another, we learn from each other. We teach each other our skills and that’s what unites us. We had the Legs On The Wall people from Australia and they just had the most incredible acrobatic skills and were so willing to share and teach us. It was only when we saw the videos of it that we really understood the spectacle of the set, the projection, the costume, the lights, it was a real team effort. Kevin and Patrick were amazing in bringing together such a productive team.
Describe a day in the life of a Motionhouse performer.
There’s a typical day, which would be at our base in Leamington where we’d go into the studio for about 9 o’clock and do our own warm up. Then we’d do a class, which could be anything from contemporary dance to ballet to acrobatics to cardio training to contact improvisation to theatre workshops. We’ll do that for an hour and a half and then have some more time to stretch. Then we’d normally go to our warehouse space, which is where our sets are. We’ve blacked out all the windows because of the video projection in our shows. We’d rehearse whichever show we’re rehearsing and that usually takes us through to 6.30pm. The untypical Motionhouse day would be when we’re on tour. Then you never really know what you are going to get.
What has been your favourite Motionhouse performance?
My favourite show is ‘Cascade’ because it’s narrative (based). I really like the theatricality and I really like the way the story is linear and it starts and it builds and finishes. It’s quite straightforward and as a performer you can keep that narrative in your brain and it carries you through the whole show. I also enjoy performing the outdoor shows because you can see the audience. On the street you can see people’s faces, you can look into their eyes and you feel their energy. You’re taking them on a journey but you get caught up in the emotion of it.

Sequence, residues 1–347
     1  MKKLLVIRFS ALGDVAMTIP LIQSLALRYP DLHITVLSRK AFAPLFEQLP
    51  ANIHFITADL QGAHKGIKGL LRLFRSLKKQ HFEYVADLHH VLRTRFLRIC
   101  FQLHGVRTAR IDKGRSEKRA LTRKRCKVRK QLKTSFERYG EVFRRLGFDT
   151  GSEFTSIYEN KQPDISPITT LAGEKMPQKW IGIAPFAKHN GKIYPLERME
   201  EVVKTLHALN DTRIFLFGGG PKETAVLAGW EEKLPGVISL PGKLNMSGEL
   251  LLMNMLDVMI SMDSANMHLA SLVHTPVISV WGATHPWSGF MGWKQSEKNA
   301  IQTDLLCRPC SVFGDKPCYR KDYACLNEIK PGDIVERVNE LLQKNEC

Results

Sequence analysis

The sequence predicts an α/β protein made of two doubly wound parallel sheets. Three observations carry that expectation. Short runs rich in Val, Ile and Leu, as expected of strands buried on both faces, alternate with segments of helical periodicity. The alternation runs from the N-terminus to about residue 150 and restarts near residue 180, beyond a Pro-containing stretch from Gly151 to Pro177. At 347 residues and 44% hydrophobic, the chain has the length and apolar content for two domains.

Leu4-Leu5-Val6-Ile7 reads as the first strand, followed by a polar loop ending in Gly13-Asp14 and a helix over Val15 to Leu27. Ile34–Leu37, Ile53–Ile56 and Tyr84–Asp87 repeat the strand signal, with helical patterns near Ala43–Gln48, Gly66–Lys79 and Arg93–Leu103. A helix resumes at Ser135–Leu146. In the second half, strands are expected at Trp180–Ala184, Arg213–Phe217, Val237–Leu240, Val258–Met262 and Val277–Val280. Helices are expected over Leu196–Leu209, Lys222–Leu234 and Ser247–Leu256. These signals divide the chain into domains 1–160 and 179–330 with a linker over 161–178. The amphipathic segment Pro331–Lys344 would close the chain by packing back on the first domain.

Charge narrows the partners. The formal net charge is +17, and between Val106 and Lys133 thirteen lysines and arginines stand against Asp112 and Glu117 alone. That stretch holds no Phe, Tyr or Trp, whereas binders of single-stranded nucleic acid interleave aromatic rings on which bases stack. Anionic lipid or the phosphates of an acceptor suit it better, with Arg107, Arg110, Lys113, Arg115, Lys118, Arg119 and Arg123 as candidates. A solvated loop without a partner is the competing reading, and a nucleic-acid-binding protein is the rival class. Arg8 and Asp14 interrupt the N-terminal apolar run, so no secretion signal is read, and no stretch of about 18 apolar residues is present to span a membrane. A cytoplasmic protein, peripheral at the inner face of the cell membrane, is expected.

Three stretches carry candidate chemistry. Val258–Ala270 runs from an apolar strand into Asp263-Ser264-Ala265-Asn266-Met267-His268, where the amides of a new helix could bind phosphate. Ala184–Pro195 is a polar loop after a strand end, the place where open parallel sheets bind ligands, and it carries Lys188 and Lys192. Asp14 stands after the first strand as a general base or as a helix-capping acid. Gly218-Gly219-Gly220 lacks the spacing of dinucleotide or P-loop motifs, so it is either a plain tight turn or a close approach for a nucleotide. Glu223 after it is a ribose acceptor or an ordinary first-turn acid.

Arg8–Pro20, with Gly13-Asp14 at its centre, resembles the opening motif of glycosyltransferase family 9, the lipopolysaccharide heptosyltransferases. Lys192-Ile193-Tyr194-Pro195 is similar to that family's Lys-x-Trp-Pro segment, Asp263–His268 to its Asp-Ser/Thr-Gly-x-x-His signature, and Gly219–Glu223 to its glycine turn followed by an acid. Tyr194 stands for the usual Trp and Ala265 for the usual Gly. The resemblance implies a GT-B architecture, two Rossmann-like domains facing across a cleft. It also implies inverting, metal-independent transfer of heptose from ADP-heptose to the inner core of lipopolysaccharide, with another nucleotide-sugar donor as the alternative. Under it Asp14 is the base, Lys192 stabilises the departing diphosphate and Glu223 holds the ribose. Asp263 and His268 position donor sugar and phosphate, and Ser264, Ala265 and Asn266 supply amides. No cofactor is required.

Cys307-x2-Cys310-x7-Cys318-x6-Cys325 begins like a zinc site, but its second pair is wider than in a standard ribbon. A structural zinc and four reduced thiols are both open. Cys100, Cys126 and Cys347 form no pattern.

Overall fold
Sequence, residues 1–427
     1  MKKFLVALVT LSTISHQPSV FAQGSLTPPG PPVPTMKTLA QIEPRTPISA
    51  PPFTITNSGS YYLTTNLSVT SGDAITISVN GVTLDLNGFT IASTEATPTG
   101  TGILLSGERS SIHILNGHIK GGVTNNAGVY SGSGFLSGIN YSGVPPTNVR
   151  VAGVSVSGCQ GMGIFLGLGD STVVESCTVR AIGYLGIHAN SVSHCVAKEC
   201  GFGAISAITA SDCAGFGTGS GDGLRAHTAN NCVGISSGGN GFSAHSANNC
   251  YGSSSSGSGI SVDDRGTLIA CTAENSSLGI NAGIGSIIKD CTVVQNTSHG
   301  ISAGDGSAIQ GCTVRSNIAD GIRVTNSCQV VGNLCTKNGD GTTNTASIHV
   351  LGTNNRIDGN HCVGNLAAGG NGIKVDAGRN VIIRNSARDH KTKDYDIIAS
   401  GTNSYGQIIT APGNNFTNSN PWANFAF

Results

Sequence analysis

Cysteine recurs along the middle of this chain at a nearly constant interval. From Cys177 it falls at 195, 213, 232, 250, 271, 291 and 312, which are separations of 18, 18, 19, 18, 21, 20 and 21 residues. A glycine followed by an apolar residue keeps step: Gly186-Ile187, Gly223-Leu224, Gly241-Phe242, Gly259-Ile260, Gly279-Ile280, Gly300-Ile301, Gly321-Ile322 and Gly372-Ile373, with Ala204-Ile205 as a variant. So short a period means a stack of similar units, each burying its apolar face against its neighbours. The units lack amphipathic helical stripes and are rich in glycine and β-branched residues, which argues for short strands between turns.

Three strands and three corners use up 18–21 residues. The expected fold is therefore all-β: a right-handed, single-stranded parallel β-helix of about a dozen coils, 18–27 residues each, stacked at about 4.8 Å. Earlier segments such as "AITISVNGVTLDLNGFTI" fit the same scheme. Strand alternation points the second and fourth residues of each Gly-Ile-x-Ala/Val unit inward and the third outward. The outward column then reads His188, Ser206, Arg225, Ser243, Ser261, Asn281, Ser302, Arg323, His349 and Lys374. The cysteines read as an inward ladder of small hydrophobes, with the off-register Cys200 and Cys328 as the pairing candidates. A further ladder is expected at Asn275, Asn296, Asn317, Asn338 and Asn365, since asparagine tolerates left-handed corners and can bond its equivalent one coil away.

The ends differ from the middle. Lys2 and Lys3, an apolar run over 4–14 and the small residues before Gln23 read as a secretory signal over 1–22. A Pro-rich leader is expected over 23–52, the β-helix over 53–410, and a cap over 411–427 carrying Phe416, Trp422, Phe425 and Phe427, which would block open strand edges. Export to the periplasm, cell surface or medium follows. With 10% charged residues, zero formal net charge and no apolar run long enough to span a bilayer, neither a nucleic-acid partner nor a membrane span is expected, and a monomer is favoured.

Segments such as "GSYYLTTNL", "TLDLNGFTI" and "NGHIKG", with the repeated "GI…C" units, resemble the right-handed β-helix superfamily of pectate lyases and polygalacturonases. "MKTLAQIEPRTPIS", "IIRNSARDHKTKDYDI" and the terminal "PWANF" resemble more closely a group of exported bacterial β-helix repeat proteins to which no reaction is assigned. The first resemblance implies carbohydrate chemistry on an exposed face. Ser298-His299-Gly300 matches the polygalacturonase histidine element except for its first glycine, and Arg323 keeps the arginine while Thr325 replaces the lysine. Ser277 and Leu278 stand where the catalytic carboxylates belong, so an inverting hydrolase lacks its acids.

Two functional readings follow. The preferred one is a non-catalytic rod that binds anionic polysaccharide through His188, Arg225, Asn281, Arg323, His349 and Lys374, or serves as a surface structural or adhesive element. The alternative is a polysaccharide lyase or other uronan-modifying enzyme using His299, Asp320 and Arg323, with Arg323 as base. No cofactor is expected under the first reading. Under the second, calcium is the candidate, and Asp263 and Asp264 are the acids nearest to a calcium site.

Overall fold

What advice do you have for aspiring dancers/performers?
One of the biggest pieces of advice I got when I was doing my A-Levels wasn’t advice so much, was more an awareness to the fact that it’s such a competitive industry. You’ve got to have the commitment to it. It doesn’t really matter where you train, it’s about what you put into it. If you choose to put in 100%, then you’ll get 100%. You have to be strong willed and have a good attitude. You’ve got to have a passion and a love for it that will just keep you going no matter what. The other thing is to be versatile. You can train as a dancer and be really good but a lot of companies these days require you to do a lot of other things as well, so if you can get some theatre performance going, if you can be confident using your voice, possibly singing, acrobatics or other physical performance work it’s all going to benefit you.
For more information on the Motionhouse cast and crew, visit their website